The Golok outperformed the khukuries in every aspect of cutting, whacking, push cutting, penetration, speed, reach, and was not a bit tiring. The blade and sheath is half the weight of the shortest khukuri, and I like that. Blades like these are made to be used, and carried, and weight in that case is important. So for the back pack, I'll appeciate the solid sheath, little space taken, and the weight. The edge is at the right hardness, and can be touched with a burnisher on spot, but I do not see why it would be needed, unless trying to cut stones. For the story, My Khukries are traditionally differencially tempered, up to 60 RC in the middle of the blade (which I think is too hard), down to 45 at the tip and handle (which is too soft). These Golok blades are just right, hard, yet resillient. The temper starts a few centimeters after the handle, and seems constant on all the length. The exact same kind of quality I like in the steel of the "XX" khukhurie. It really holds the comparison.

This Golok will be with me every time I am in the garden, and will follow me in the wilderness. It is just the most adpted tool for my use I have found and used so far. As an addition the price of the tool really makes it totally unbeatable in terms of "quality for bucks". It beats all blades I had, which I paid at least three times the Golok's price.

Mr. SM (USA):
I put both the Survival Golok L (AJ-01L) and the Golok Babad (CJ-01) to heavy use yesterday. I was concerned about how thin the blade on the Babad is, and it did sustain damage in use. I'm not at all upset - I was cutting dead tree branches that had broken other blades. In fact, I was actually impressed with how well the Babad held up, given how slim it is. The Survival L was spectacular. It took care of everything. It did work that had broken thicker, heavier blades that I own. The men who made it must have a good understanding of steel.
Mr. DL (New Zealand):
It is as I expected - it (AB-01) is defintely a user and very nice. I haven't had a chance to test it yet, but it handles very well... The quality of the blade grinding is excellent!
Mr. WH (USA):
My Golok (AJ-01L) came today. To me truthful, it surpasses my expectations. I was expecting it to be a stout, working blade, but not expecting the superb finishing on the handle, nor the full-height convex grind. The sheath, also, is very well made, and perfectly fitted.

I'll add one more comment about the Golok--it cuts!! How I managed it, I'll never know, but I somehow lost hold of the handle while dressing the edge (I have a belt sander with a leather stropping band) and finally regained my hold as my hand was about half way down the blade. In a way, it's a relief--I haven't severly cut myself in years, and was wondering when it was going to happen! And, I christened a new blade at the same time :) Anyway, I just thought this was really funny (since my best friend made special note that this happened within an hour of opening the box) and wanted to tell you that this is sufficient demonstration--I don't think I'll need to test the Tachi on my head now!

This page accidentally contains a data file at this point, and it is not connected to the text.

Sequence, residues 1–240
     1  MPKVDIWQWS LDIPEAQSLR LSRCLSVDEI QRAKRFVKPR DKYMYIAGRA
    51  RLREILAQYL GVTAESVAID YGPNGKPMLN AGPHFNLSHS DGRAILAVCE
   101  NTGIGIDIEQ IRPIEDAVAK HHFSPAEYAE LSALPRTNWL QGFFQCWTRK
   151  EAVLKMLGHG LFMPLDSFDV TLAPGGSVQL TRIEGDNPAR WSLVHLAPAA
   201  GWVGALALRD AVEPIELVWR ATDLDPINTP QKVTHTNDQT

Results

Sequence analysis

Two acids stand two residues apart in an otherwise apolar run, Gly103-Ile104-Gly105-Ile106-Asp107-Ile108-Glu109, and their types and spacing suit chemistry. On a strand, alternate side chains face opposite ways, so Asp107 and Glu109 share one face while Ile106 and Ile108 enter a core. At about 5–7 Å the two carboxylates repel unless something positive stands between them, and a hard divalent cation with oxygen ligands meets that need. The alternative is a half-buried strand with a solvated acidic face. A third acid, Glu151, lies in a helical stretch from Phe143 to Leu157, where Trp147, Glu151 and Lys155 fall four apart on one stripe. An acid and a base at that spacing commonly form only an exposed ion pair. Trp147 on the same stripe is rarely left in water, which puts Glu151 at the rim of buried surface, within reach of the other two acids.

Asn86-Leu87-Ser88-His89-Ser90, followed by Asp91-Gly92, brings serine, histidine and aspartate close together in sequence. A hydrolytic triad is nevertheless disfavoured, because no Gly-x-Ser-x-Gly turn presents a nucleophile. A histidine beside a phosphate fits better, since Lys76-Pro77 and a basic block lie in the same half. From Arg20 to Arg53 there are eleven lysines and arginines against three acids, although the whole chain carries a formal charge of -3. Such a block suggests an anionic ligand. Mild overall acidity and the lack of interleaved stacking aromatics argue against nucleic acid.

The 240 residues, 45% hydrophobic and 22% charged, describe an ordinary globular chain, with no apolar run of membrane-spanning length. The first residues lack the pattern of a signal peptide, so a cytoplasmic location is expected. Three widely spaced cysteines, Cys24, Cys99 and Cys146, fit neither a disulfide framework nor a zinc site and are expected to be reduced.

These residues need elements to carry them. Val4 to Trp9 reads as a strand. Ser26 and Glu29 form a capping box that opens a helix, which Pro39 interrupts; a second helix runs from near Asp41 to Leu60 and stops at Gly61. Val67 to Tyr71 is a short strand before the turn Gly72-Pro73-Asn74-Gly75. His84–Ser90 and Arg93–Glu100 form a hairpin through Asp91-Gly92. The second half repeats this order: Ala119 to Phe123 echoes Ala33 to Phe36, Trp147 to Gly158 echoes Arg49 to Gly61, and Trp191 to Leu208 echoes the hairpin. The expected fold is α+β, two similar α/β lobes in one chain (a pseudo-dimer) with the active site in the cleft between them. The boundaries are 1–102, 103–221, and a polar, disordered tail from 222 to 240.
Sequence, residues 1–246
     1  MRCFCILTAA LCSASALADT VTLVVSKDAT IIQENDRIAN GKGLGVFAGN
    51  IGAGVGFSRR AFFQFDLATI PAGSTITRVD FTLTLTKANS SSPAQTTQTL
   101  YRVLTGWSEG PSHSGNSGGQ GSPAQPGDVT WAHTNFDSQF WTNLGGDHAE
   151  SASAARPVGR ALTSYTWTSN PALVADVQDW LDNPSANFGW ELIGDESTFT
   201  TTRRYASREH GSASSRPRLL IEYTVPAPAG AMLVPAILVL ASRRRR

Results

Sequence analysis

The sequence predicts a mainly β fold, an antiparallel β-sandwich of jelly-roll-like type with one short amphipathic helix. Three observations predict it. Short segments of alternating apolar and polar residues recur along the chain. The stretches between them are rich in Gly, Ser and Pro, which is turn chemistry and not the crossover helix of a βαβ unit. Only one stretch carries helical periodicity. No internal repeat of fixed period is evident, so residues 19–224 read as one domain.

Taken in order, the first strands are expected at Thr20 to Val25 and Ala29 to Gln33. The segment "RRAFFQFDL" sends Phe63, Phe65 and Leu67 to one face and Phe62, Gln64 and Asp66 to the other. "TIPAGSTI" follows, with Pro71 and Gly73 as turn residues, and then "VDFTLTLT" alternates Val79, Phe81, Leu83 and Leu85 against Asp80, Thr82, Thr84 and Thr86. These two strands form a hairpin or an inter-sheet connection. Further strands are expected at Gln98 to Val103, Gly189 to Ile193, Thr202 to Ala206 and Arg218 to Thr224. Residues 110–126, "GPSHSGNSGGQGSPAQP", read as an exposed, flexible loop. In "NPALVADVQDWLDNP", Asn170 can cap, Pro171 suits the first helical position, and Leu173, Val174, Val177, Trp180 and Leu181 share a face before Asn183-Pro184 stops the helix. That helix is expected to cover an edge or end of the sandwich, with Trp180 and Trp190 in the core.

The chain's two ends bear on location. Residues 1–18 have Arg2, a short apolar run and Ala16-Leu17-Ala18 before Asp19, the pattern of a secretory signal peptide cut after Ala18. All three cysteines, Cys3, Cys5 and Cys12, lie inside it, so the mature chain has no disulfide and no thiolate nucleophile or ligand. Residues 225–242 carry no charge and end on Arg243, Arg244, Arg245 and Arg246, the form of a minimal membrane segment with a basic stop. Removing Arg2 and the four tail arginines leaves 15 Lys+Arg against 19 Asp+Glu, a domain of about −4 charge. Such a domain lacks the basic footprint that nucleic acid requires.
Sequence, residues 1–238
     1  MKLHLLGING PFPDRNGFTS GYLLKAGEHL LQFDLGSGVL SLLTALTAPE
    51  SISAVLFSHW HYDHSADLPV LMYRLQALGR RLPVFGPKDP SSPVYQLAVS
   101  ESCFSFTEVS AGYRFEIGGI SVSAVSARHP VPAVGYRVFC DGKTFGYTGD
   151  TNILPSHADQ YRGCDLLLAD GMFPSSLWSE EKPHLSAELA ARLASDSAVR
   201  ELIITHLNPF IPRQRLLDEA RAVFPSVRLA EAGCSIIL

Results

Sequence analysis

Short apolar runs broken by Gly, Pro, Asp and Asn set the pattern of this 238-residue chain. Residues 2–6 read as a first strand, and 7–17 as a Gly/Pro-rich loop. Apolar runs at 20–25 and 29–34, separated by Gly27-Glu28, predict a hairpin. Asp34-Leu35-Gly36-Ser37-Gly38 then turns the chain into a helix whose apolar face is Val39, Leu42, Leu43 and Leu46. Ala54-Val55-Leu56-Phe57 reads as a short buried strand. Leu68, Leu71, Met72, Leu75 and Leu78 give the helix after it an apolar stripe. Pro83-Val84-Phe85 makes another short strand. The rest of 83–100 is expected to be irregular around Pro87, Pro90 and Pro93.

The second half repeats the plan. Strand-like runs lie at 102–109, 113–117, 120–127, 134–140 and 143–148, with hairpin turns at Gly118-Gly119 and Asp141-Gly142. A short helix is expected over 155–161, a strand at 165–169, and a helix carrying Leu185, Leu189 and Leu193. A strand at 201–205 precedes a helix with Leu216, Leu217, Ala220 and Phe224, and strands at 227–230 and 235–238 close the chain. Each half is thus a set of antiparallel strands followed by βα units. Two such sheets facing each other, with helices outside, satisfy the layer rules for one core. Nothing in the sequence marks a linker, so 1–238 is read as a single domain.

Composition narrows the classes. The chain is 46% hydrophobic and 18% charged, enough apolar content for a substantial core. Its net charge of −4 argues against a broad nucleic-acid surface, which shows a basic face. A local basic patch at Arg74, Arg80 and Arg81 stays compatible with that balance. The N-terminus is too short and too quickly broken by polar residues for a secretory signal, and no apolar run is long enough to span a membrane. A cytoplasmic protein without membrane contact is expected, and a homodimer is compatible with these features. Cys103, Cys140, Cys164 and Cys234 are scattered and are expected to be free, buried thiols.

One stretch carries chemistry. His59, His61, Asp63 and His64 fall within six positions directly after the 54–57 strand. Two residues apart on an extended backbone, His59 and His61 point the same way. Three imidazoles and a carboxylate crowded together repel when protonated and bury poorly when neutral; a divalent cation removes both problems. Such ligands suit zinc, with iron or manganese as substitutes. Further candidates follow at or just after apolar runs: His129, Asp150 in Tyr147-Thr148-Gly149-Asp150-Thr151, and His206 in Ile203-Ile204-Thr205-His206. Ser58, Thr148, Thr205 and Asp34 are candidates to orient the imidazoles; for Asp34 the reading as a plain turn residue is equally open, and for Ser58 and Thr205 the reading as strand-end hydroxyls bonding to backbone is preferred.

It is here (Damascus Tachi, limited run production), and it is beautiful. The forging flaw on the blade is very minor, and I'm not worried about it. The carving on the handle is exquisite, while the handle itself is very comfortable, despite its fanciness. I could not resist--I pulled out a couple of practice mats (rolled up canvas, covered in leather) and did some cutting. This is a heavy sword, and while that translates into lessened maneuverability (somewhat) it also means that it cleaves through targets that other katanas just stick in. The edge geometry is really wonderful, and I won't be doing any reprofiling. The sheath, also, is very fits perfectly and doesn't rattle around on the blade like most others do. Overall, I think this is one the best made swords I've ever handled. Likewise, the bowie blade (Damascus Knife, discontinued line) is wonderful and I'm going to have a grand time finishing it into a knife.

There is a samurai sword maker named "X" (Note: famous name) who makes 'user grade' swords for practice / competition. They are differentially tempered, and much touted for their cutting ability. A friend of mine who has hosted some cutting exhibitions with me has a new "X" katana, and asked if I wanted to try it (sending more practice mats to meet their maker). I did, and liked it, but then asked if he wanted to try my new tachi. After ribbing me a bit for how fancy the handle was, he picked it up--and then immediately remarked how comfortable it was in his hands. Between what he and I were able to do in the following ten minutes, and then measuring our results, your tachi was shown to have a 15% to 20% cutting advantage over the "X" katana. The edge will still shave hair off my arm. Just thought you'd like to know!

By the way, I've tried that big Chinese sword (AW-10), and it really cuts! It is definately heavier than I'm used to, but still very controllable--especially if I'm smart and stick to vertical cuts. I must agree that you've made some pricing mistakes... you don't charge nearly enough for your products! "Y", "Z" (Note: famous brands) and some others had better hope the public at large doesn't catch on!

Mr. TP (Thai):